New Jersey awards $13.1 million in grants for recycling
New Jersey’s municipalities will receive $13.1 million in state grants to help implement and enhance local recycling efforts, Department of Environmental Protection (DEP) commissioner Bob Martin said.
The funds are being awarded through the Recycling Enhancement Act (REA), a law that has significantly increased recycling tonnage grants the DEP is able to distribute throughout the state.
The recycling grant program is funded by a $3 per ton surcharge on trash disposed at solid waste facilities. Distribution of grant funds this year is based on the recycling successes local governments demonstrated in 2010. In 2010, New Jersey reached a 40 percent municipal solid waste or MSW recycling rate for the first time since 1998.
Municipal governments, vital to the success of recycling, receive 60 percent of the money the fund generates to help them enhance recycling outreach and compliance efforts. The balance is awarded to county solid waste management and household hazardous waste collection programs, county and state promotional efforts, and recycling research.
Municipal programs receiving the highest grant awards this year are: Newark (Essex County) $299,903; Jersey City (Hudson) $278,748; Paterson (Passaic) $238,701; Clifton (Passaic) $222,103; Toms River (Ocean) $177,138; North Bergen (Hudson) $156,715; South Brunswick (Middlesex) $155,271; Cherry Hill (Camden) $140,641; Monroe (Middlesex) $130,077 and Hamilton (Mercer) $127,490.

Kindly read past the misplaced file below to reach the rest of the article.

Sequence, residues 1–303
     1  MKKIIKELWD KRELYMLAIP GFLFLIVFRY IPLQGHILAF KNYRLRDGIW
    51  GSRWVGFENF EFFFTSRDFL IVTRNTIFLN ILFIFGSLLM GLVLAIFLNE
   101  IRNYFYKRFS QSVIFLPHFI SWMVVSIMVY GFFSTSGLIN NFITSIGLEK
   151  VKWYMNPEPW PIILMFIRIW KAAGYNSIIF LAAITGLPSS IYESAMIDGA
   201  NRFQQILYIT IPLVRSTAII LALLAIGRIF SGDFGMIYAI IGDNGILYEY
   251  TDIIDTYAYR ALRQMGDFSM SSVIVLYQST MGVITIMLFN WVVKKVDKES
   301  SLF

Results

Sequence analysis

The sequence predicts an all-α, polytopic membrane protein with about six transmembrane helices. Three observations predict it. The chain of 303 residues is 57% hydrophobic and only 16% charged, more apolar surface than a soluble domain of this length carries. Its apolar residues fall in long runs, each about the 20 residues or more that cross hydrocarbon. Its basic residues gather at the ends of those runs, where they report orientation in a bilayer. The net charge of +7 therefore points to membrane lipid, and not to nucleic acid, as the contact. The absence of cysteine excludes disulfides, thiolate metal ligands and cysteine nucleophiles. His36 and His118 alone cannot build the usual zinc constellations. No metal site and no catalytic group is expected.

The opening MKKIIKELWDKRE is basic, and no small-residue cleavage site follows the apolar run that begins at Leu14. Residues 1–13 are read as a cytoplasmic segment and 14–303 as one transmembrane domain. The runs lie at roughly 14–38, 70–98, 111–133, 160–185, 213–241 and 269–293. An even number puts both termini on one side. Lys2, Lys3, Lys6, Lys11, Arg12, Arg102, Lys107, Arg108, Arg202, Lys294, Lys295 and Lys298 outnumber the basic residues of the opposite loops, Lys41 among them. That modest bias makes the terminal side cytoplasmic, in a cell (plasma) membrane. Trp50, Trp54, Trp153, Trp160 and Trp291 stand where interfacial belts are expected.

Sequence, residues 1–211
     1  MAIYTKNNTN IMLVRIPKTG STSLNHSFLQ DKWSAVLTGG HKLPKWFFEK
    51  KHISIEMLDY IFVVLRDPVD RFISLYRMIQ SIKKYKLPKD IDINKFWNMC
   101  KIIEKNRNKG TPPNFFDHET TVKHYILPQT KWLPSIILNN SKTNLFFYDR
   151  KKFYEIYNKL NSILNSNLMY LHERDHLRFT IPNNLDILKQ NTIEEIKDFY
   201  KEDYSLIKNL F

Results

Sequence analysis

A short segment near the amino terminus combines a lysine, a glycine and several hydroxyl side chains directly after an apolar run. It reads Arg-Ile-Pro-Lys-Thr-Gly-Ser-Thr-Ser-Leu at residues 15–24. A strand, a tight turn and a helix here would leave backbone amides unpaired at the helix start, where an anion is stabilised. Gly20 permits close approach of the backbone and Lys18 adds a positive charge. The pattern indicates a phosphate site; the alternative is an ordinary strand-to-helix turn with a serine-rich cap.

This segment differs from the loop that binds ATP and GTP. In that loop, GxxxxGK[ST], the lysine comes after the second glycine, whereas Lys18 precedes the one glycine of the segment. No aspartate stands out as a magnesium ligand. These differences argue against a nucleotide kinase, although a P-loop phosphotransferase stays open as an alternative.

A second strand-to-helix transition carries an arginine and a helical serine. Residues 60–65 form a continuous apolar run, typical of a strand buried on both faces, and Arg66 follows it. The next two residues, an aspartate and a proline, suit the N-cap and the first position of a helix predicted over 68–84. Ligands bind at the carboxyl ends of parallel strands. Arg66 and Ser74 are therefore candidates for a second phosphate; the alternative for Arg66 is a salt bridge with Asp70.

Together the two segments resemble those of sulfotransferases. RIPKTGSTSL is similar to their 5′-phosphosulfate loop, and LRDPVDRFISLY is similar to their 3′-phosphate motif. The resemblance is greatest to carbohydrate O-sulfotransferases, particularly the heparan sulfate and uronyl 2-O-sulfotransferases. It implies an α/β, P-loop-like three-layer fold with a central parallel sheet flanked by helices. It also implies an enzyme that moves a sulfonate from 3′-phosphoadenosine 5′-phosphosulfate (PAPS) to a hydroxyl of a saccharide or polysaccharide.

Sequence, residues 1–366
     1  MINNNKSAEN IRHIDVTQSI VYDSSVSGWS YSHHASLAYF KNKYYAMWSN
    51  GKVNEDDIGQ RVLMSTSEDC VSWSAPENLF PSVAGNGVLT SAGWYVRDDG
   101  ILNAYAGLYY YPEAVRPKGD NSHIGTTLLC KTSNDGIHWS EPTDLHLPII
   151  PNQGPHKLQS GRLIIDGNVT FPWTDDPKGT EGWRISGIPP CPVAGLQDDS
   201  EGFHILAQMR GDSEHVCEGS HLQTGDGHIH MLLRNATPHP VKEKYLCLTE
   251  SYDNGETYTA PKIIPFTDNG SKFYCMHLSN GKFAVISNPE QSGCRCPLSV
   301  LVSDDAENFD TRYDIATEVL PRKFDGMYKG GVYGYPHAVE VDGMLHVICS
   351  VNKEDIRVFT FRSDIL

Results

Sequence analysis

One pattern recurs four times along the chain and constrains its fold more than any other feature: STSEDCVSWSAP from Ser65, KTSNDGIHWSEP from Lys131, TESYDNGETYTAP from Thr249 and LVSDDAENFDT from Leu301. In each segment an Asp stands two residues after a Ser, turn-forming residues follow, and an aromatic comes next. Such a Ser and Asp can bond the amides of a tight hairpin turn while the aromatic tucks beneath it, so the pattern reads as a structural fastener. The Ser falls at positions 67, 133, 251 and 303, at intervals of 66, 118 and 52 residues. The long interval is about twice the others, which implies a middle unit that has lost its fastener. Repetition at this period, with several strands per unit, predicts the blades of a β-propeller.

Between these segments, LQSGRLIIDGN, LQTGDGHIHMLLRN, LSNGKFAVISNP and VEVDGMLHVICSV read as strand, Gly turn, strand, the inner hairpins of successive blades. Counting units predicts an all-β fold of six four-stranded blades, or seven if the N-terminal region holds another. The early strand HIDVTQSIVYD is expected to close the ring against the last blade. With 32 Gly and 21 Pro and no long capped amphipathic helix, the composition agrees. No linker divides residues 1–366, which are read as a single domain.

“We are striving to achieve 50 percent recycling of municipal solid waste for environmental and economic reasons,’’ said DEP assistant commissioner for environmental management Jane Kozinski.
Several New Jersey municipalities have been leaders in recycling, offering programs that make recycling convenient for residents and get positive results.
South Brunswick, for example, had a municipal solid waste rate of 50 percent in 2010, and a total recycling rate – including larger commercial, demolition, industrial waste – of 71 percent. Its tonnage grant of $155,271 is nearly $110,000 more than the REA tax it paid on disposal. Had the businesses and residents of South Brunswick sent their recyclables to the landfill, the DEP estimates the city would have spent an additional $6.7 million in disposal costs.
In 2010, New Jersey generated 9.8 million tons of municipal solid waste, of which 3.9 million tons were recycled, for a 40 percent Municipal Solid Waste recycling rate, an increase from the 2009 rate of 37.1 percent.
In total, including all forms of waste, New Jersey recycled more than 13.3 million tons of the 22 million tons of solid waste generated in 2010. The overall recycling rate increased slightly from 56.9 in 2009 to 60.5 percent in 2010. This can partially be attributed to a nearly one million ton increase in recycling of various types of scrap metals as prices of those metals rose in 2010. Also, there was a marked increase in recycling of petroleum contaminated soils, plus concrete and asphalt, due to a more active construction sector.